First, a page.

To wit: I remember my mom and aunt taking me to see 1978’s The Cat from Outer Space and loving it; then two years later, my sixth grade class watched it on a rainy day, erupting in applause when it ended.
Dash often balks when I want to watch movies from my childhood with him; sometimes they just don’t hold up. But I found an “in” through his love of the Binky the Space Cat books (left) by Ashley Spires; he really loves Spires’ comic-book illustrations as she tells the funny tales of Binky’s imagination and exploration.
Well, this is a movie about a cat and outer space…the timing couldn’t be better, right?
A UFO is stranded on earth and impounded by the U.S. government. Its pilot is an extraterrestrial cat (voiced by Ronnie Schell) with a collar that has special powers, including the ability to allow the cat to talk with humans. The cat, nicknamed “Jake,” enlists the help of scientists Frank (Ken Berry), Liz (Sandy Duncan), and Link (McLean Stevenson) to reclaim and repair his ship to get back home.
As with several favorite films and TV shows of my childhood, it seems The Cat from Outer Space is a situation where I’ve loved my memories of the film more than the film itself.
It takes 45 minutes into TCFOS until any true attempts at comedy take place, which is a mixed blessing since nearly all attempts at comedy fall flat. Out-loud laughs are at a minimum, and so is the barely-present musical score by legendary film and TV composer Lalo Schifrin. Essentially, the script and action make TCFOS feel as if it was written more as a light-hearted adult caper than a kids’ Disney film.
Berry, Duncan, and Stevenson try to keep things moving with frenzied actions and bewilderment about the whole situation (Stevenson offering the most entertainment as Berry’s mooching friend and colleague) as they try to keep Jake from falling into the hands of pursuing U.S. army troops led by Harry Morgan, here basically doing a more gruff variation of his Colonel Potter role from TV’s M*A*S*H. It all culminates in a plane-chase climax that, while sounding cool, takes for-ever to conclude.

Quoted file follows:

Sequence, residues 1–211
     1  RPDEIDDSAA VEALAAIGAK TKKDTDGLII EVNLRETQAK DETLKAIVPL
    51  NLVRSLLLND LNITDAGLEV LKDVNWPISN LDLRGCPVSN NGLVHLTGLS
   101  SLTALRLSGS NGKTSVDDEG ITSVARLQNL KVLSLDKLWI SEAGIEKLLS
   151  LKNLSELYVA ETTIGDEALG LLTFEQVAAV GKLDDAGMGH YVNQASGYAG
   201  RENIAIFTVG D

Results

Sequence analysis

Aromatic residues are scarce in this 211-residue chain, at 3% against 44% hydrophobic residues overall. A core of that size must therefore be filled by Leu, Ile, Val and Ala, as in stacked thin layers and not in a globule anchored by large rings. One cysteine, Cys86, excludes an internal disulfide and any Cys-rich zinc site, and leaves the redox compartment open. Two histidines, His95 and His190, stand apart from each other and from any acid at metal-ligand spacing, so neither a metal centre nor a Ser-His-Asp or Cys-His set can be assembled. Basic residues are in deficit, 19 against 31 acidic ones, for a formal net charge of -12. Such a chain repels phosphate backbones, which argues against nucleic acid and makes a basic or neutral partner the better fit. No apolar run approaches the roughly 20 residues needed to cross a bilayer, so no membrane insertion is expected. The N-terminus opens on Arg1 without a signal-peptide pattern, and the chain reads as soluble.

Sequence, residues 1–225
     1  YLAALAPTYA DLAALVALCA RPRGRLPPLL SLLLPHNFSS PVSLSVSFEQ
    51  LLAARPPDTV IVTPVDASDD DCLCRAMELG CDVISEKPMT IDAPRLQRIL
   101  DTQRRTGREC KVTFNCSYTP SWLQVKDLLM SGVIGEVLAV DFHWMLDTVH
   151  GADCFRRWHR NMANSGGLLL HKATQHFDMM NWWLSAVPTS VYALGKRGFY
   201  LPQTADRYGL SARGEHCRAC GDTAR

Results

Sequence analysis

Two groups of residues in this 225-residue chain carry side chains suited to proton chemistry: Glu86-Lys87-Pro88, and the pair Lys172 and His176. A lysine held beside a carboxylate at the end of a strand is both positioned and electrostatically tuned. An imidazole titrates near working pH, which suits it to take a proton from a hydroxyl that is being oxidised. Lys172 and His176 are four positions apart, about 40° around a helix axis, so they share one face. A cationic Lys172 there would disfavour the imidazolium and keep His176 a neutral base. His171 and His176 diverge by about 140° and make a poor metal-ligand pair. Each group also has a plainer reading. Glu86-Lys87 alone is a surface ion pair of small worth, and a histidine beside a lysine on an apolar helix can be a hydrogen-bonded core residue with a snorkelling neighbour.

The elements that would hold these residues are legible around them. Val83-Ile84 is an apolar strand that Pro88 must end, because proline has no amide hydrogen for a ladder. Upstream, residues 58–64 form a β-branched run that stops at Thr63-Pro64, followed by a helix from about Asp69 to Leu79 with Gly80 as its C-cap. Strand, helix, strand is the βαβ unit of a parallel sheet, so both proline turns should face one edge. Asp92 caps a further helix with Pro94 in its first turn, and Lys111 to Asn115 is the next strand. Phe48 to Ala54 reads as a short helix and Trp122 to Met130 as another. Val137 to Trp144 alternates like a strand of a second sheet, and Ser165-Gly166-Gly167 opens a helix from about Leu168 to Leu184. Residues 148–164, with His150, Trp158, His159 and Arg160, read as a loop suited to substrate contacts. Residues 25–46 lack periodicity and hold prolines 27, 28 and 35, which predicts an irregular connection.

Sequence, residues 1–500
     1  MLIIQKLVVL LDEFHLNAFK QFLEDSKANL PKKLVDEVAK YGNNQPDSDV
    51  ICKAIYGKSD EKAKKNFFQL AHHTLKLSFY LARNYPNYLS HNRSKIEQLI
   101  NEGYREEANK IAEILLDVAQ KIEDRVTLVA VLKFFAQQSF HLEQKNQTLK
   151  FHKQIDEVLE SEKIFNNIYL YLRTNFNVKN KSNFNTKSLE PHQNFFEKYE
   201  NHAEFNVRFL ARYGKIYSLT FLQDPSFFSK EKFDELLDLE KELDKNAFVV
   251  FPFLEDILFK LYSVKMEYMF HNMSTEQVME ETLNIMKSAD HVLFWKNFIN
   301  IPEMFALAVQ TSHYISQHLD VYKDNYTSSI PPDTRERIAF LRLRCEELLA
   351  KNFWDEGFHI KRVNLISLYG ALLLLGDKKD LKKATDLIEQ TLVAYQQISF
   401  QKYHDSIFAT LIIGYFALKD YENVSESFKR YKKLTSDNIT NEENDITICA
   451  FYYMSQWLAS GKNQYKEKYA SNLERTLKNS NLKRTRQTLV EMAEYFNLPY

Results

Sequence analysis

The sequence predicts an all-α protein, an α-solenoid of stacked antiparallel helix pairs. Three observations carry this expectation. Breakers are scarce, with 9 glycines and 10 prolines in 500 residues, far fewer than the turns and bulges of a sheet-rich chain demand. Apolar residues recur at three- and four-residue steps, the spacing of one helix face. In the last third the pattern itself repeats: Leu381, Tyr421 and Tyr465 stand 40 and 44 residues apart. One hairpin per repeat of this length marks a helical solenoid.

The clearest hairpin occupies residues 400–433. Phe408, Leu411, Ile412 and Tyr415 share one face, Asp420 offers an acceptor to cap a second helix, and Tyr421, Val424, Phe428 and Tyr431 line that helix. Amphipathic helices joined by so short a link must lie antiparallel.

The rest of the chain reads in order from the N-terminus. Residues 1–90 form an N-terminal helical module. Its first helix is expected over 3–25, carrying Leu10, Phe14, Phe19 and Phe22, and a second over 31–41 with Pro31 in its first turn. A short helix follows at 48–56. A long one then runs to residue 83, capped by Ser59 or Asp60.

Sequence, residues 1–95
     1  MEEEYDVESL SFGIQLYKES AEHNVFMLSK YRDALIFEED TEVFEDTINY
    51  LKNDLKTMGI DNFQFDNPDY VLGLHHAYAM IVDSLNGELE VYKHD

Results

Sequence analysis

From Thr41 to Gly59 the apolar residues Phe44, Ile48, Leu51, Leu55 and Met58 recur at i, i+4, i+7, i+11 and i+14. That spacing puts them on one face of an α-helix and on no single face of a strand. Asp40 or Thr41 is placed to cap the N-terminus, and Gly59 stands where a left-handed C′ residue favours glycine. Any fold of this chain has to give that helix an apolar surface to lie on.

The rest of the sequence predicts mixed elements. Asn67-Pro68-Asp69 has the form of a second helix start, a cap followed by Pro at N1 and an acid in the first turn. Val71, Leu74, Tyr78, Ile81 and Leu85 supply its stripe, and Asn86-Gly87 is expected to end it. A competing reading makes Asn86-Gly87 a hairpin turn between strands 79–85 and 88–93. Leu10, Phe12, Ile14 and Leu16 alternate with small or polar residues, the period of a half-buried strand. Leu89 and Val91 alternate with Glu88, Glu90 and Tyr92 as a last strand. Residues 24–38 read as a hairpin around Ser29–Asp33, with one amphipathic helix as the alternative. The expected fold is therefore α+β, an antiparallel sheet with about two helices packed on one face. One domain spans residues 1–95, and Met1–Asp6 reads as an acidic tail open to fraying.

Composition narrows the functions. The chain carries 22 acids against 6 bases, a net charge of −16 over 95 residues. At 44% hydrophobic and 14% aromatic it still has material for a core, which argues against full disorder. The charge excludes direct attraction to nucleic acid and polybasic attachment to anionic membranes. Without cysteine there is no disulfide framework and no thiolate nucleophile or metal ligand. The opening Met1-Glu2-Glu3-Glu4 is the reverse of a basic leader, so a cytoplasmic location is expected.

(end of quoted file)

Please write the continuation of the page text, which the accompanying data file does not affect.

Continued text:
The Cat from Outer Space is typical of the ‘70s lot of Disney live-action movies: pedestrian and slow-paced, but with just enough of a Disney touch to make it watchable (though it’s eons better than Superdad).
* Sandy Duncan is allergic to cats.
* Stevenson and Morgan both played commanding officers on the TV series M*A*S*H, with Morgan replacing Stevenson when Stevenson left to star in his own show, the ill-fated Hello, Larry.
* Screenwriter Ted Key also wrote other Disney live-action films of the ‘70s, including Gus and The Million Dollar Duck. He also created the characters Mr. Peabody and Sherman for the “Rocky and Bullwinkle” cartoon series.
What did Dash (and Jack-Jack) think?Dash liked TCFOS just enough to stay with it, though he and I were wondering if the plane-chase climax was ever going to end. Jack-Jack lost interest near the one-hour mark, which is no surprise: a slow-moving, 105-minute live action movie can’t compete with the attention span of a four-year-old. (However, he did chime in during a foot chase involving an elevator: “I like elevators. They’re fun.”)
Is it suitable for your kids?While The Cat from Outer Space is rated G, it’s a “’70s G,” as I call it. (The MPAA was a little less scrutinizing back then.) Depending on your sensitivities, there are a few scenes involving alcohol and tobacco, as Stevenson’s cigar-chomping character constantly barges into Berry’s apartment to steal beers and watch sports; and in a pivotal scene in a pool hall, there’s plenty of beer-drinking and cigar-smoking. Also, the climax includes some gunplay and mild peril as Berry and Duncan nearly fall out of the planes during the drawn-out plane chase.
Will your FilmMother want to watch it?As much I may be betraying my childhood memories by saying this, I wouldn’t bother her with this one – even if she likes Disney films and/or cats.
The Cat from Outer Space
* Director: Norman Tokar
* Screenwriter: Ted Key
* Stars: Ken Berry, Sandy Duncan, Ronnie Schell, McLean Stevenson, Harry Morgan, Roddy McDowall
* MPAA Rating: G
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